88. Carolyn says:

    I still love writing (and receiving) letters–nothing beats opening the mailbox and taking out a handwritten letter from a friend! I still have the funniest letters my dad sent when I was at camp or college, but made the mistake of not saving but a few of my mother’s letters. Hers were more frequent and told of the day-to-day happenings of home and community–they seemed ordinary then but how I wish I had that treasure trove now that I am older and she is gone! My mother was not a saver, but after she died it was such fun to see the letters she had saved that I had sent–and they were a wonderful window into another time. I recently made a pledge to myself that I would write a hand-written note every day. I’m not there yet but will keep it on my resolution list. And just the other day, I received the annual Christmas letter from my friend Beth–yes, Christmas! Filled with the joys of her life and family, I look forward to her special letter all year. We’ve been friends since we were 5 (with a 25 or so year gap)–what a joy to now stay in touch through letters! Thanks for sharing with us, Susan! have a most fabulous time on your trip.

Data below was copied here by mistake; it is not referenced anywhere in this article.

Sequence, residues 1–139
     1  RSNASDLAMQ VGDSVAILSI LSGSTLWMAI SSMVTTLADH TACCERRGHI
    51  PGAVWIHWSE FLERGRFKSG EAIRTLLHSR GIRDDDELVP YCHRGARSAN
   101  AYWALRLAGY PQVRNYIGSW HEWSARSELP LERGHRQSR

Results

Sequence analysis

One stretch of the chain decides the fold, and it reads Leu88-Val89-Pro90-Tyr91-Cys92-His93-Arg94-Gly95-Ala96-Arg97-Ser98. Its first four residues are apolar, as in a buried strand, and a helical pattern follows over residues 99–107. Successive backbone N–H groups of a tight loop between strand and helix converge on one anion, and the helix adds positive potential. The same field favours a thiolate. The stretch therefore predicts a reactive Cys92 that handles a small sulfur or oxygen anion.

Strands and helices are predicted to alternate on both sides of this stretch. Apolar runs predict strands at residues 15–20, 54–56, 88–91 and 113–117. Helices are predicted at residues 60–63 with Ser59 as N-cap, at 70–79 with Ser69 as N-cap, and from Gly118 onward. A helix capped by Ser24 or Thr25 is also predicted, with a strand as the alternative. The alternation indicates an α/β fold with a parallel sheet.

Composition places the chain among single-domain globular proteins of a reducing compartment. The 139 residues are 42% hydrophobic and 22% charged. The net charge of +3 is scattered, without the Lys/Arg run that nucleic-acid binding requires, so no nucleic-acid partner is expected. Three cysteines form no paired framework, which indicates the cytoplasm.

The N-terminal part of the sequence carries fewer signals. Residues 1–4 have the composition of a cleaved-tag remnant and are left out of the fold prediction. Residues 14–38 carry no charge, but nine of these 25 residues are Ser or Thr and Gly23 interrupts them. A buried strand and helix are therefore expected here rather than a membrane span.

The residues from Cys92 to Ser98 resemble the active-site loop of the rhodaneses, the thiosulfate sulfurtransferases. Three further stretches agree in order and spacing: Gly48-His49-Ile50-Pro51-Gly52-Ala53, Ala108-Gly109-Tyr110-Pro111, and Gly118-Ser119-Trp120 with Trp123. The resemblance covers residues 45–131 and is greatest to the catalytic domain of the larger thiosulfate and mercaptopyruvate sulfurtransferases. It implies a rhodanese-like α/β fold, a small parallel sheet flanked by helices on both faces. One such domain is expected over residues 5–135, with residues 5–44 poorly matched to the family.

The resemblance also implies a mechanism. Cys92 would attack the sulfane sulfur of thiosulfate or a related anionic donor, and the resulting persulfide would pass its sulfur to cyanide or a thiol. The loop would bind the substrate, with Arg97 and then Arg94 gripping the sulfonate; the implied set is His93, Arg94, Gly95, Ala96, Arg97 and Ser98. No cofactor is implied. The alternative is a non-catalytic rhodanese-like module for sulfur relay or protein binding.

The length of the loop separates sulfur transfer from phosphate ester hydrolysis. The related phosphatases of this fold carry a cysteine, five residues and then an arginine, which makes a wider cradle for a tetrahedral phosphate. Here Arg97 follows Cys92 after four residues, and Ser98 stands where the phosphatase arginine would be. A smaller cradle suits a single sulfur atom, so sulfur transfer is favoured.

89. Judy says:

    Orange shoes?

  90. Andi M says:

    Save the postal service, yes! How wonderful for you to say so. My sister works for the post office and she becomes disappointed whenever she hears how people pay their bills online. My nana retired from the post office in 1984, I can remember her taking me with her to work when I was in elementary school and she would let me turn the crank for the cancelling machine. She had a lot of stampers there I wanted to get my hands on too. Your posts are the best. My other sister and I have taken to writing letters to stay in touch and we live just 16 miles away from each other. I save letters without letting myself think that I am. I stash them away in my cook books as book marks. I have one that my aunt sent me along with the newspaper (I hope they stay around too) clipping from the announcement of Julia Child’s death. I have lately been asking the post office workers to see the different stamps as they come in. I love the art work. Wonderful blog post, it reminded me also of the time my sister-in-law sent me earrings in a letter. Thank you again for making me feel good. I don’t know how you keep doing it. I wish I could return the favor. Have a wonderful trip across the Atlantic, Bon Voyage!